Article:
Where do I start?

When choosing a school, the relationship between your child and their teacher is very important. Take the opportunity for a school visit to meet the staff, and go on a guided tour of the school with your child. It is also good to see the classrooms in action and observe the atmosphere when you visit.

You will also find a great deal of information through a search of the internet. Most schools in Adelaide have a website and you will get a first feel for the school’s ethos by having a look at what they are doing as a community, as well as educationally.

The links and information below will help guide you to the choice of school sectors in South Australia and help you create a list of questions you will need to ask when determining if a particular school will meet your child's needs.

Department for Education (State Schools)

The South Australian Government provides a website to assist when choosing a school for your child covering topics from choosing a Primary or High School, Enrolling in School and Changing Schools - click on the link below:

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School Zoning for State Schools

If you are looking for a State School you may be limited to zoning. You can find out more about which catchment area or school zone you are in by going to the Department for Education link here:

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Independent Schools

This site allows you to search for independent schools by location, gender, religion, and/or year level:

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Catholic Education

Find out which Catholic Schools are in your area here

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Questions to ask the school

When looking for a school it is a good idea to be prepared with a list of questions around the needs of your child. This is especially the case when your child has a learning difficulty. You may like to ask for examples of how they support students with learning difficulties.

When creating a list of questions, you might also draw on the following:

  • recommendations from a psycho-educational assessment (if your child has been formally diagnosed)
  • observations highlighted from a Dyslexia Checklist (see a page on Dyslexia)
  • comments in school reports about achievements in areas such as literacy and numeracy
  • your own observations of how your child is coping with their school work
  • does your school focus on areas your child has interest in? eg to drama, sport, music, art, technical studies, etc.

Questions you may find useful:

  • Does your school use a synthetic phonic approach to early literacy teaching and intervention? If so, which program/s?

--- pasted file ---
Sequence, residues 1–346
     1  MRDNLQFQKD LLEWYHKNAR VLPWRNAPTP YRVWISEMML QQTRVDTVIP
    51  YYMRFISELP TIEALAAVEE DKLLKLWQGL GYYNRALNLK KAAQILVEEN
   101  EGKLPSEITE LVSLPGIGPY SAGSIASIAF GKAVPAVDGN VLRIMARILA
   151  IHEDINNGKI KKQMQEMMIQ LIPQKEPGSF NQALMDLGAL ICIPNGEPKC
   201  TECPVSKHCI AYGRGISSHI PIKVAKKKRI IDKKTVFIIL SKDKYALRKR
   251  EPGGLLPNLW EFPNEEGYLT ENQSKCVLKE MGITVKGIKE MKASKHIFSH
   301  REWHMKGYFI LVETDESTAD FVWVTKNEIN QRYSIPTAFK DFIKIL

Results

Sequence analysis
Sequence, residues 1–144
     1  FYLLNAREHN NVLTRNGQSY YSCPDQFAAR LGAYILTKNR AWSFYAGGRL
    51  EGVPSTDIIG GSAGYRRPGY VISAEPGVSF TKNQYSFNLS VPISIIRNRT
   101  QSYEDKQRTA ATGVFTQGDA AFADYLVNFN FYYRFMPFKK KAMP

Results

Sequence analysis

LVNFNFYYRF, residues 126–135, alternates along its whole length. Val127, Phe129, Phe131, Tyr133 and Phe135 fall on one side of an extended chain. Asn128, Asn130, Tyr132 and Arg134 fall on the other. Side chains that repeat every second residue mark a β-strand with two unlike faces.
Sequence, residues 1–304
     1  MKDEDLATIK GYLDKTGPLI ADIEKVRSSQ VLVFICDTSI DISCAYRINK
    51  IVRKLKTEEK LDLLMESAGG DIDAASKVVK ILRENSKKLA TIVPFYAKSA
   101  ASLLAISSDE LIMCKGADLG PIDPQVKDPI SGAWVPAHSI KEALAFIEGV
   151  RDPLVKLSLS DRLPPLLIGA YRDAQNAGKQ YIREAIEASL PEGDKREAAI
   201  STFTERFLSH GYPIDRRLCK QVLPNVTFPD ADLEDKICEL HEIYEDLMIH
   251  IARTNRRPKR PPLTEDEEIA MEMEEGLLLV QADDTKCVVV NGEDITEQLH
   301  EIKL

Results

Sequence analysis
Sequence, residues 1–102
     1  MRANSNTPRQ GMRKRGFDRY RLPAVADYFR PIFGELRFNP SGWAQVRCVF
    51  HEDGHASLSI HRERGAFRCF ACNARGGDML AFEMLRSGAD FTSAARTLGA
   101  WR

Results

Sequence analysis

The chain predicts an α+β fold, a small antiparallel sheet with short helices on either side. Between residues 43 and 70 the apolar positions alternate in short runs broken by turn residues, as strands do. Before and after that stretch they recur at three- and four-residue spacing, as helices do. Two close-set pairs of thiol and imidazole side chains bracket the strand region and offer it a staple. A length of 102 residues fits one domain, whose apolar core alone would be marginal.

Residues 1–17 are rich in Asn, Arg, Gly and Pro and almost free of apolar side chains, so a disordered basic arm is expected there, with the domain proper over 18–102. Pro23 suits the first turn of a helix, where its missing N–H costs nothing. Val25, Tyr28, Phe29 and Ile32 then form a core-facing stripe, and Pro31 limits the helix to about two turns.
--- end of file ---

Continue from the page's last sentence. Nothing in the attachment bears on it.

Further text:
• Will my child receive any one on one or small group support?
  • Does your school celebrate individual achievement in a wide range of activities including music, art, drama, sport and achievement of personal academic goals?
  • Does your school support the use of computers by all students in the classroom? From what year level?
  • Can they use assistive technologies in the classroom?
  • In what areas do you encourage parental involvement?
  • What is your homework policy? Can we negotiate timed homework periods?
  • How many students receive accommodations and adjustments in a typical classroom?
  • Does your school work to whole school policies around the curriculum and strategies used to support struggling students?

Role of the Class Teacher

Talking with your child's teacher

It is important to establish a connection with your child's teacher early on so you can work in partnership with them to get the best out of your child. Provide the teacher and school with any information that will help assure a smooth transition for your child, including any information about behavioural or learning difficulties, educational, speech or hearing assessments or any concerns you have about their learning.

Gathering of data about your child

Students bring a range of backgrounds into a class so teachers use a range of assessment processes to gather evidence and data about all of their students. Not only will teachers use published tests and checklists but they will also observe students as they go about their learning, make records using teacher developed checklists, speak with previous teachers and talk with families.

When a teacher asks to speak with a parent

It is quite common for teachers to ask to speak with parents about their child. Parental involvement in a child’s education is important to ensure a united approach for the well-being of your child. It may be about a concern the teacher has about a child, about a learning difficulty, or sometimes it is about what terrific progress a child is making. The teacher may need to put in place strategies to support your child, both at school and home.

Whatever the reason, it will be important to take the opportunity to have a meeting with the teacher.

Identifying areas of concern